It’s OK, you have 120 hours and counting to grab some stuff for friends, family and your office Secret Santa.

Here’s a quick and dirty list of food-centric presents that you can scoop up for the big day. Good luck, and godspeed.

  • For the drinker
    • Bourbon. Duh. (Any decent liquor store)
    • Against the Grain Brewery has glassware to hold plenty of beer. The restaurant and brewery also offers Grainiac memberships come with anytime for discounts on beer all year long. (401 E. Main Street at Louisville Slugger Field)



  • For the barista in training
    • Quills Coffee has some deals that let you treat yo’ self while buying for the ones you love.
      • 10 percent off Quills diner mug when you buy a bag of coffee
      • Buy a bag of coffee and get 15 percent off your second bag
      • Free drink with a $25 Gift Card purchase
      • Fancy coffee-brewing sets

( or one of three locations)



  • For the out-of-towner
    • Bourbon is the gift that keeps on giving. Why not give the ones you love a little taste of Kentucky by buying products spiked with a nip of bourbon? Bourbon Barrel Foods has an array of sauces, marinades and seasonings worthy of any gift bag. ( or various locations)


My Favorite Things: The tiny carts at Kroger

(Blogger’s note: Every once in a while, I come across something so awesome that I must shout it from the blogosphere. If Oprah can have her favorite things, why can’t I?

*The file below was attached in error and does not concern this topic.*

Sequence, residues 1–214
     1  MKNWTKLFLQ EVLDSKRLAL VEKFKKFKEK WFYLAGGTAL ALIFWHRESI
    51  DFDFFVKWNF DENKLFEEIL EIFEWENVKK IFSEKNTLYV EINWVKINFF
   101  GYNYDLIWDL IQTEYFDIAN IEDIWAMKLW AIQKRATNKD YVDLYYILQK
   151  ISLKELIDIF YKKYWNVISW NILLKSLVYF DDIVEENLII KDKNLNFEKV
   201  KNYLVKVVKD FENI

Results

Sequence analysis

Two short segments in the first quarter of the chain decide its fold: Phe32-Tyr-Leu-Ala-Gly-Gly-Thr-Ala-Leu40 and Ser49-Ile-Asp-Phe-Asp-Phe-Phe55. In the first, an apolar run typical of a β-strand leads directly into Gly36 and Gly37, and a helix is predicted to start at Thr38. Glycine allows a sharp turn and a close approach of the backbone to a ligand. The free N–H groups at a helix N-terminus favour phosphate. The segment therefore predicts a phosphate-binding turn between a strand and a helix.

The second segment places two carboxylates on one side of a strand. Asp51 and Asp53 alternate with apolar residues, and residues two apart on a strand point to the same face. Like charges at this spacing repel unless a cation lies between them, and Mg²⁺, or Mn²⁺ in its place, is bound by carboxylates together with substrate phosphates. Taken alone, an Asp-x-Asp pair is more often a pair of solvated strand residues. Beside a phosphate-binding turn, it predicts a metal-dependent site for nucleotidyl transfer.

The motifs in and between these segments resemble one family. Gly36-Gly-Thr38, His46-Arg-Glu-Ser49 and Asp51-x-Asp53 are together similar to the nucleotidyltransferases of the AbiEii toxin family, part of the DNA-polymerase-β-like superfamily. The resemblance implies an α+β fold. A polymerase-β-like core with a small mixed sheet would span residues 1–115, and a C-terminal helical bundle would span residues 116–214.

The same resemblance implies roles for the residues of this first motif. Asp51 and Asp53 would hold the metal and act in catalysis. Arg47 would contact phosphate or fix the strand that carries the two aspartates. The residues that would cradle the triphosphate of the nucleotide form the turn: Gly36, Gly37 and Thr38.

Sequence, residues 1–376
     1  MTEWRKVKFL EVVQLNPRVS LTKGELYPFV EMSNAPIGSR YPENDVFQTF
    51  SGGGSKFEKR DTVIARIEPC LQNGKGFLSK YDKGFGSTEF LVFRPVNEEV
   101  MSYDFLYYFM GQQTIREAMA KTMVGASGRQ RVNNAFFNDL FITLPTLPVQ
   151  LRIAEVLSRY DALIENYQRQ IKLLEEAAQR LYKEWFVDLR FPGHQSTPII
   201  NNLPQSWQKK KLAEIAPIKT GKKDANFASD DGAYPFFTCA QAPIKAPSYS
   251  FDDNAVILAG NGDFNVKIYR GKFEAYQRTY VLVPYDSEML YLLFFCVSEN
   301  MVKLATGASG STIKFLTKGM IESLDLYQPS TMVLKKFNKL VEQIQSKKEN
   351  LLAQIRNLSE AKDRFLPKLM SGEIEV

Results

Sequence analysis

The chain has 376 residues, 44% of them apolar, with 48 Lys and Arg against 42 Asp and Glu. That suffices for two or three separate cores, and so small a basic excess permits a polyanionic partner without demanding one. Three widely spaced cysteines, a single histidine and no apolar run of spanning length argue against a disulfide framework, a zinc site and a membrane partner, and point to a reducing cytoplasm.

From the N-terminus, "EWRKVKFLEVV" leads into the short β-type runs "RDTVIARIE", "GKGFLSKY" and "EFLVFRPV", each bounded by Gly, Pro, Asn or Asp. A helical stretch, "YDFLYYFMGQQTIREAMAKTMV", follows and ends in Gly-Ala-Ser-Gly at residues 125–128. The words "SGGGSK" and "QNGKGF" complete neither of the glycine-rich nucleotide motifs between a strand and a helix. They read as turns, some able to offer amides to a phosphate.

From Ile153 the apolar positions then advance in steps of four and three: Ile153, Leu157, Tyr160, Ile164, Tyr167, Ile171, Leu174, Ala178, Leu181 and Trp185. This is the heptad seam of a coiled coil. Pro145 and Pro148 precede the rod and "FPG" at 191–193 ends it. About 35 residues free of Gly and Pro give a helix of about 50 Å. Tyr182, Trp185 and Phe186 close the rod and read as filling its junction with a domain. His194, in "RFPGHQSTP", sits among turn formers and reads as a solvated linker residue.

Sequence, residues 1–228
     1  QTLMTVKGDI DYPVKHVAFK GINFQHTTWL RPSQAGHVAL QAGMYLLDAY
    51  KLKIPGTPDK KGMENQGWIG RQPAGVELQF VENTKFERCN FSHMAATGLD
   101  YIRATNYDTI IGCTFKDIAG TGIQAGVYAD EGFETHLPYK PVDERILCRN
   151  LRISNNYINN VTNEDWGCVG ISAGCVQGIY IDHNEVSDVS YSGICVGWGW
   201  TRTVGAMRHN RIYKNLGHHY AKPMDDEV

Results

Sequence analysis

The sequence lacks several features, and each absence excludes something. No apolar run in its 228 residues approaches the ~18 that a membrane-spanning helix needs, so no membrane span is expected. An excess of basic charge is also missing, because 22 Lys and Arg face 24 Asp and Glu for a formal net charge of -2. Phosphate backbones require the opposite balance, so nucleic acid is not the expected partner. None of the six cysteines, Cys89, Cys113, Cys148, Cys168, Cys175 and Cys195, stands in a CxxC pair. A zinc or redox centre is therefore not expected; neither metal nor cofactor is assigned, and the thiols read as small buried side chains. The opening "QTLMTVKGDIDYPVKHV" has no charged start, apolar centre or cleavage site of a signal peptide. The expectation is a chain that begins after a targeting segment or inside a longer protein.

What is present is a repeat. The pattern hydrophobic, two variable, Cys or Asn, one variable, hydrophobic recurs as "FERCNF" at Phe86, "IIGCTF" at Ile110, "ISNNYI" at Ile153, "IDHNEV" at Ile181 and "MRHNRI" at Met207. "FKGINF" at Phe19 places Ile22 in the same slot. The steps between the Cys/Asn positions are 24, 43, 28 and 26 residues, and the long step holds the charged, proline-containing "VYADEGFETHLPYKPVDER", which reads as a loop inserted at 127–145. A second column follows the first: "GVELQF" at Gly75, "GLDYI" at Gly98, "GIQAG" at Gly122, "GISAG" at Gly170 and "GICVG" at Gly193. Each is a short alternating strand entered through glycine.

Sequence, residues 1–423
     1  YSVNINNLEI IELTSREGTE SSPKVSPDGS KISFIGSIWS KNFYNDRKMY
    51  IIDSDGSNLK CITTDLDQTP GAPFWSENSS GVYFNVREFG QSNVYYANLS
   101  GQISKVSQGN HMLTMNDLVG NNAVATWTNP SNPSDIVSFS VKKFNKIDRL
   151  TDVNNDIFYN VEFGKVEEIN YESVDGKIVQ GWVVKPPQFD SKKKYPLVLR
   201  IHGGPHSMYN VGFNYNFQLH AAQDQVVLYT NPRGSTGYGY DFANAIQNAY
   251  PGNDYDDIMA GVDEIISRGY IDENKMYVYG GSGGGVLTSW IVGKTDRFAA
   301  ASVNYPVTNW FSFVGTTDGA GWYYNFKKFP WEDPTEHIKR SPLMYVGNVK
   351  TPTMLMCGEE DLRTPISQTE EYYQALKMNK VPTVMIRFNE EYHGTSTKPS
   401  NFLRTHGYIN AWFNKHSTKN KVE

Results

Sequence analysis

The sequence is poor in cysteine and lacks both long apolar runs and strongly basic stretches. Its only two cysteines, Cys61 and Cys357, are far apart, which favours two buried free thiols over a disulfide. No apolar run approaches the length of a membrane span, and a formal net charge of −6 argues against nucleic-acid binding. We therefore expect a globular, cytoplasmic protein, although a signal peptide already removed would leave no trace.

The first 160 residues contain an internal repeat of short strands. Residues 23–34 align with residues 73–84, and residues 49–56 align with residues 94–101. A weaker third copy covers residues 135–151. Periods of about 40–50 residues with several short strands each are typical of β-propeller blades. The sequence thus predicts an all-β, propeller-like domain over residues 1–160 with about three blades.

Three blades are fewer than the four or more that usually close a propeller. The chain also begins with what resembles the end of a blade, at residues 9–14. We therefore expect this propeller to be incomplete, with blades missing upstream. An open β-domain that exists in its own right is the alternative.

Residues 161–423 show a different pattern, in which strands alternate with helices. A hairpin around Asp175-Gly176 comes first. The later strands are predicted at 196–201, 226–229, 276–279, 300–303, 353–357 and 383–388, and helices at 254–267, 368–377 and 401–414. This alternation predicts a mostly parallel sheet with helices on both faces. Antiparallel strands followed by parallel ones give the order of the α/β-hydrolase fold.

“My Favorite Things” is an occasional feature in which I gush about a product, store, gadget or other food-related item that has made my life a little sweeter.)

Oh, tiny cart. So petite, yet efficient.

I fell in love with Kroger’s tiny carts when I started living on my own and grocery shopping for one. I ust had to play a game of Goldilocks and the Three Bears to figure that out.

Kroger’s hand baskets are suitable until you decide that you HAVE to buy the 12-pack of Diet Coke. Then you end up with a Grand Canyon-sized dent in your arm. The regular-sized carts are hard to manuever, and lend themselves to some unneccessary purchases (why, yes, I WILL buy the three boxes of Raisin Bran Crunch that’s on sale — I have the room in my big girl cart!).

The tiny carts, however, are the Mini Coopers of consumerism. These tiny wonders are the perfect size for singles buying food just for themselves. They hug the curves as you round the corners of the aisle. And they’re just so darn cute.

These carts are usually stranded on the grassy knolls of parking lots or abandoned on the fringes near the streets. Cart collectors don’t make much of an effort to get these little guys back in the store because they don’t neatly fit into a row with their big brothers, the behemoths designed to haul both children and groceries. But if you’re single, or just need to pick up a few items, it’s worth a trip to the back of a parking lot to use one of these carts.